Learning is not just limited to residents of course. Staff are constantly learning Principal 9 of the Eden Alternative is constantly in action in the Knox community:

“Human growth must never be separated from human life.” 6 | unique and loving it

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Residents making a difference through volunteering As you may know, Knox has an awardwinning volunteer programme that we are both grateful for, and proud of. Volunteers from the community give their time to join us here at Knox to provide meaningful companionship, help run activities and enable us to be involved in the broader community events. We are so thankful to our many volunteers who help make Knox the vibrant and diverse place it is.

and experienced fisherman, Neil. Whether you are a part of the Knox community or a member of our broader community, we encourage you to think

about how you can make a difference in your community through volunteering your skills and time. You will reap the considerable rewards.

What you may be less aware of is the fact that our residents also volunteer. Through our Cultivate programme, residents share their skills, knowledge and time with the wider community too. We know that a healthy community needs the active participation of all its members. Right now, our residents are making a difference through delivering English Conversation Classes at our local Epsom library and are being trained to provide quality remedial reading support to students at Bailey Rd School in Mt Wellington.

We are looking forward to supporting more community initiatives in our broader community We also know that volunteering is a mutually rewarding experience – we often receive more than we give. This was the case recently when young men from St Peter’s College kindly volunteered to support a fishing trip. While their support made the trip possible, they also gained a great deal of new fishing knowledge from resident

Volunteering often has a two-way action as happened when St Peter’s College students helped to facilitate a fishing expedition under the Auckland Harbour Bridge. Resident Neil was able to share his considerable fishing experience with the boys.

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Building commitment to residents When the Knox Home Board of Trustees contemplated the redevelopment of Totara, Puka and Rimu Homes they knew that getting to the end goal of a bigger, better home would be highly disruptive for residents. Of course they say you can’t make an omelette without cracking eggs. But their first consideration was to develop a plan that would continue to provide a home for existing residents. Any thought of terminating contracts with residents was never a consideration. The Knox Home Trust Board has always been committed to the century-old values of Elizabeth Knox and the Eden Alternative.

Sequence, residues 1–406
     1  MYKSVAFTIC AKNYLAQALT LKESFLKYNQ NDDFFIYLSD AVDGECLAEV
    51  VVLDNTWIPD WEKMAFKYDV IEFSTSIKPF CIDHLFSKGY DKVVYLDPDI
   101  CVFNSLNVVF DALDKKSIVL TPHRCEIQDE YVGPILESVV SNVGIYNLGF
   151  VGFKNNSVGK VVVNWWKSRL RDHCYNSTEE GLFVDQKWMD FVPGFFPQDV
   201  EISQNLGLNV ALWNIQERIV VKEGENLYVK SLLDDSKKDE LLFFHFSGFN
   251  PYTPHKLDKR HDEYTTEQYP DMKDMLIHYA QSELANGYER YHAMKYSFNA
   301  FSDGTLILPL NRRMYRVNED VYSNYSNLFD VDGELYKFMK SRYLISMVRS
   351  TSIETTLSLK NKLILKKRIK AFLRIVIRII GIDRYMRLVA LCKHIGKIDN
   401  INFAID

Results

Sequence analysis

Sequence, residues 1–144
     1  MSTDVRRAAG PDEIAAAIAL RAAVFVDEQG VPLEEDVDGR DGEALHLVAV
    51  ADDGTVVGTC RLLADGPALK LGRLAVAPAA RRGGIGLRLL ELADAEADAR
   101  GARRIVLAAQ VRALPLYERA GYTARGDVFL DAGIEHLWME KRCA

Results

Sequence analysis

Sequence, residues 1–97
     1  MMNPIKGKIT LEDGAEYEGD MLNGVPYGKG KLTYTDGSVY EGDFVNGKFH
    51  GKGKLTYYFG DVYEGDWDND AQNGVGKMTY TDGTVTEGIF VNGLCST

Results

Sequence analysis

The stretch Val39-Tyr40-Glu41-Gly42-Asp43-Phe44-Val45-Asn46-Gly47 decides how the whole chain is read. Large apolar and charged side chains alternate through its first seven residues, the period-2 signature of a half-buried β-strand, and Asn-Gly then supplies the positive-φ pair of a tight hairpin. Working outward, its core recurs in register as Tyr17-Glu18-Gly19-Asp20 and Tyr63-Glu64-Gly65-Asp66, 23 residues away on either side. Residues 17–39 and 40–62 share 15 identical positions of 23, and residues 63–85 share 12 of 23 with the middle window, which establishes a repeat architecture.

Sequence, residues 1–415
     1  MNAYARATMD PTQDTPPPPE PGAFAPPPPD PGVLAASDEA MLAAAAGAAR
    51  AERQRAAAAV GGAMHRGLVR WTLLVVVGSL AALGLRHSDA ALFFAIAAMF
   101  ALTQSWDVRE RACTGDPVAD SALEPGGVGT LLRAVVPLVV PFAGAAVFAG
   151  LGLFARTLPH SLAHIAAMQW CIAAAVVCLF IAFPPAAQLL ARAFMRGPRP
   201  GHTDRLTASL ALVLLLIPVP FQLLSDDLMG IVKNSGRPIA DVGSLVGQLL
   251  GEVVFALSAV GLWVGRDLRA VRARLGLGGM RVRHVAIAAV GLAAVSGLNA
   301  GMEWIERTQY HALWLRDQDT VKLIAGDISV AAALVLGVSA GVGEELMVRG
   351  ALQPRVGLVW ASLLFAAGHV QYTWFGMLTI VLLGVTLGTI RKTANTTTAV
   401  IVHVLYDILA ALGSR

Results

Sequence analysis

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“The majority of Knox residents require hospital-level care and today; there aren’t nearly enough beds available to them elsewhere. Any residents with disabilities find it even harder to find a suitable place to call home. Residents at other care homes may have been asked to leave, but our focus has always been to find a solution, a creative solution like the new Puka Home,” says Trust Board Chairman, Alastair MacCormick, “Not only does it give us accommodation but a superbly enhanced home for residents while the new Totara Home is built over the next couple of years.” The new 64-bed Totara Home will replace the current Totara and Puka Homes and part of Rimu Home on the same site as part of our continuing improvement of resident homes. One project has become two intertwined projects when a decision to build interim accommodation for residents currently in those homes was made. On property owned by Knox between the main carpark and Griffin Avenue, a new 37-bed Puka Home is being built before demolition of the old homes on the original site.

The roof has now been installed and the final fitout with fire protection, kitchens, electronics and furnishings follows. Puka Home includes two homes within, and continues our promotion of an open plan household model. Bedrooms open onto two living spaces which include lounge, dining and kitchen for each home, so we’ve paid particular attention to acoustics. Both homes share the nurses Care Base and support spaces including cleaning utility and laundry. “It’s our opportunity to continue the wha-nau-based multi-generational home concept that has worked so well in the recent Puriri Home. Residents can choose less activity or more living – it’s up to them! The open plan spaces certainly encourage a very sociable community, but they always have the choice to be involved or

not; join a group for coffee and fresh scones or catch up on a favourite TV show in their own room,” says CEO, Jill Woodward. Perhaps one of the most outstanding features of the new Puka Home is that every bedroom will have ranchslider access to a large deck that surrounds the building enabling the internal and external home environments to blend. Jill adds, “We plan to be incorporating more outside living with the inside. We’ll have raised planter boxes and outdoor furnishings. Creating easy access to the outdoors and nature is a positive thing. And it builds greater independence and enjoyment.” As long as supply chains hold up in all the right places, Puka Home will be ready for residents to move into during October 2021.